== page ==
They said to give enough money to the poor to cope with their needs, it does not necessarily means they will cease to be poor or people in poor neighborhood with substandard housing do not cease to be poor with new housing. What does it mean? Means there is no to attempt to explain why there is poverty in the first place but the emphasis is on symptoms not on the causes. 

Poverty is complex and mult-dimensional problem, linked to inadequate income, social, political and environmental dimension; so reducing poverty demands more than a single sectoral solution. 

For example; a household with high dependency ratio and one illiterate income-earner that lives in an unsuitable place (close to a solid waste dump site) cannot be categorized as having three distinct problems; low income, lack of education and in appropriate housing. The interrelationship of these factors produces impacts in each member of that household. 

Therefore, in Tanzania environmental problems are key dimensions of poverty and unequal distribution environmental costs and benefits reinforces social and economic inequalities. For example; the poor concentrated in high-density areas, characterized by overcrowding and substandard housing or in unplanned settlements with illegal tenure. 

In population terms, these settlements have a high susceptibility to mobility and mortality caused by environmental factors lower life expectancy, higher infant mortality rates, premature births; they suffer from a higher exposure to environmental hazard. 

So the poor country or people cannot be expected to put the conservation of the environmental; their struggle to survive from day to day, so they cut down trees, cultivate and live on steep slopes, exploit fossil fuel (coal, gas and oil), use poison to fish or over stock whereby for them environmental sustainability is a secondary concern; the primary one is to get their daily bread for their survival. For example; Tanzania is estimated to loose 400,000 ha of forest every year through deforestation also all forest near urban centers are gone due to charcoal making. On average one needs 1ha, to produce 1 ton of charcoal and others they burn forests purposely for hunting. For example as it is shown below. 
Above picture for the aid of National Environmental Monitoring Council (NEMC) in Tanzania

The report from the Vice President’s Office in the government of United Republic of Tanzania, which is reported on March, 2003; said that, an inventory of greenhouse gas emissions and removals in Tanzania was developed in 1993 to 1994 based on United Nations Environment Programme (UNEP)/Organization for Economic Cooperation and Development (OECD)/Intergovernmental Panel on Climate Change (IPCC) guidelines of 1991. The inventory is based on data obtained from1988 to 1990.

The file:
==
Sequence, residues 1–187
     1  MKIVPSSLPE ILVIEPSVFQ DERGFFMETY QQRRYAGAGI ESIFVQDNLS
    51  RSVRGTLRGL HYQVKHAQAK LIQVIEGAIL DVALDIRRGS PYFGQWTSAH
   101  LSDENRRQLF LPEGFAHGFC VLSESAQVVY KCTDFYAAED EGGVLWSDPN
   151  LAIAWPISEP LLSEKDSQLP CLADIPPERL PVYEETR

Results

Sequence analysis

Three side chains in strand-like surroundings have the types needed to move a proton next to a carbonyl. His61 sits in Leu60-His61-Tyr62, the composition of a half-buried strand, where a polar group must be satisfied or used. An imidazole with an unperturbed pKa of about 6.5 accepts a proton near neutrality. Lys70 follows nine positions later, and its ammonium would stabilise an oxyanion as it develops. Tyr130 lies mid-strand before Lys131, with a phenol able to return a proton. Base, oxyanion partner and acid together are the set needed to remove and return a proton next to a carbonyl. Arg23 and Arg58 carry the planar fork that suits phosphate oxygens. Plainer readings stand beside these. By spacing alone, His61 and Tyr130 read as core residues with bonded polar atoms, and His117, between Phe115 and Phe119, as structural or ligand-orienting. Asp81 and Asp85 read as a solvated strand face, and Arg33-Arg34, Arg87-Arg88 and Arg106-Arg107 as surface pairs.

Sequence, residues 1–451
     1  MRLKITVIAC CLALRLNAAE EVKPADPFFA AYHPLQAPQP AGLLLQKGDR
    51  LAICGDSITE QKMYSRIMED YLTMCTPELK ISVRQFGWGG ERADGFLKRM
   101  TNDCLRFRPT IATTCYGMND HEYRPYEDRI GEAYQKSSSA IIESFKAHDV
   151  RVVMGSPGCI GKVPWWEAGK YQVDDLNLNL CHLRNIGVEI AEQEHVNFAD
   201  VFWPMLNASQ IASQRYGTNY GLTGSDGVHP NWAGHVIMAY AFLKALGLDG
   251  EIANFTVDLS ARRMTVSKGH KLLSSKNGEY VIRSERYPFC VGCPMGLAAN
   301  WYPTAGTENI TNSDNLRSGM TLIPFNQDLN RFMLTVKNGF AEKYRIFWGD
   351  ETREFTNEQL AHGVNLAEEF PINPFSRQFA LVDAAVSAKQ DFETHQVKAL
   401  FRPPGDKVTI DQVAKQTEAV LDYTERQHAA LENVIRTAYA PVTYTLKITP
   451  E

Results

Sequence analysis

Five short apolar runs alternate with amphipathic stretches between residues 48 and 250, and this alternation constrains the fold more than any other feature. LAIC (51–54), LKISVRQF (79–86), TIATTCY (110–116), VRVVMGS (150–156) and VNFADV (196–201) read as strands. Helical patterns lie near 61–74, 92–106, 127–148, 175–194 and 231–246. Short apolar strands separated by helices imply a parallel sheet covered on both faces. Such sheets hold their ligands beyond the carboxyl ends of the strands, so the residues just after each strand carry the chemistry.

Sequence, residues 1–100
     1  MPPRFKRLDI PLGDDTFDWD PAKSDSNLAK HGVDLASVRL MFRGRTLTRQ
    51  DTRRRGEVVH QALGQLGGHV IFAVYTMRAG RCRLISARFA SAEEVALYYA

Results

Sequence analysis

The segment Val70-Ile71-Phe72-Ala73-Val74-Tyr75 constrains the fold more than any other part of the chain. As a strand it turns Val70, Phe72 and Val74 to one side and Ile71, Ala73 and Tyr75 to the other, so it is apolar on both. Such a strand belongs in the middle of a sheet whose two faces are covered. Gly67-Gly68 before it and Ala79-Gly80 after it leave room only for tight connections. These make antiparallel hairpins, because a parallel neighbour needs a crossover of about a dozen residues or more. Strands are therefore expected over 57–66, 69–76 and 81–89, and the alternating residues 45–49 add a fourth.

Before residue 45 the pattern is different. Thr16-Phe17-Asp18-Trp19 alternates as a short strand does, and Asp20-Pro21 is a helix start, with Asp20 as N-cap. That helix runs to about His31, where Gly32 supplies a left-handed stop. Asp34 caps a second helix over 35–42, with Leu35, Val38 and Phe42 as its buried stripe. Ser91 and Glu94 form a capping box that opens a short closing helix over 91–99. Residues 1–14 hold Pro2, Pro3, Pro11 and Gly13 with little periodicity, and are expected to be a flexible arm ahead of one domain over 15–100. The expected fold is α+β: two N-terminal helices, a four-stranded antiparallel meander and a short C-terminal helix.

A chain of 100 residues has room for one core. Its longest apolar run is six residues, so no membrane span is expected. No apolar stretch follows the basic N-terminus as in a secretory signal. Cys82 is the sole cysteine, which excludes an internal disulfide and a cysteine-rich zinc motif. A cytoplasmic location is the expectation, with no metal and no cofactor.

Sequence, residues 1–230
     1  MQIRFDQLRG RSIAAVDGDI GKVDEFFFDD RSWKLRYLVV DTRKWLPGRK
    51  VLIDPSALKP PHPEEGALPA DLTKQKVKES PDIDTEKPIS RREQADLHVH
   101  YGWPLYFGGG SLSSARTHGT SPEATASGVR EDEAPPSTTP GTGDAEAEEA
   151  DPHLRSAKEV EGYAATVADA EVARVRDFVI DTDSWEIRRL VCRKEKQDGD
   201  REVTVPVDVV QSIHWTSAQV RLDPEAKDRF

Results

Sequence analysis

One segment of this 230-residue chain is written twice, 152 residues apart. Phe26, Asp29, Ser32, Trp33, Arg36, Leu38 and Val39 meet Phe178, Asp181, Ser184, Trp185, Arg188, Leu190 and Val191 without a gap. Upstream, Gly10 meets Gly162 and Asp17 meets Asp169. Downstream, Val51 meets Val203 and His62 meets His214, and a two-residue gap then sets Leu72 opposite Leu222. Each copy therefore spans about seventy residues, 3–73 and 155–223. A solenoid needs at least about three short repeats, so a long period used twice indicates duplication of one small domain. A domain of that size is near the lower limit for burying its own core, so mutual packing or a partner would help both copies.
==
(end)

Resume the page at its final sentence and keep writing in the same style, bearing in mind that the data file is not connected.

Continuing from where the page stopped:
Activity data was based on data survey and statistical information, where available. Where records were not available default data compiled by International Energy Agency (IEA), OECD, Food and Agricultural Organization (FAO) and the IPCC was used. Default emission factors in 

IPCC guidelines have been applied except for the estimation of methane emissions from municipal waste water treatment. 

Direct greenhouse gases Carbon dioxide (CO2), Methane (CH4) and Nitrous oxide (N2O) as well as indirect greenhouse gases Nitrogen oxides (NOx) and Carbon monoxide (CO) has been covered. CO2 estimates from international bunker fuels have been excluded. Estimates of CO2 emissions from biomass fuels or biofuels have also been excluded from the inventory. It is assumed that the annual carbon released from biofuels combustion is part of the natural carbon cycle, hence it does not result into net emissions. 

The major sectors addressed in the inventory include energy, agriculture, industrial process, waste management, forestry and land use. For each of these sectors an estimation of CO2, CH4, N2O and other gases has been done. The energy sector consists of combustion and non-combustion sub-sectors. 

The reliability of the emissions inventory depends on the accuracy of input data and the associated inventory methodology. When input statistics are insufficient or not representative of 

the real situation the reliability of the output data is affected. At the same time, if emission factors are not suitable for the existing situation the inventory reliability is affected. 

The availability of activity data has not been easy for many of the sectors except for the commercial energy data, whose records are normally kept by Tanzania Petroleum Development Corporation (TPDC) and the Tanzania Electric Supply Company (TANESCO). Activity data on land-use, land-use changes and forestry is outdated and not continuously recorded necessitating interpolation/extrapolation in order to get the missing figures. 

Agricultural activity data is crude and is based on the interpretation of cash crop yields, fertilizer imports and annual exports. Activity data on waste management is scattered in different institutions, much of it is neither updated nor regularly collected. Limited surveys have been undertaken to assist in updating the available information and data for calculating emissions.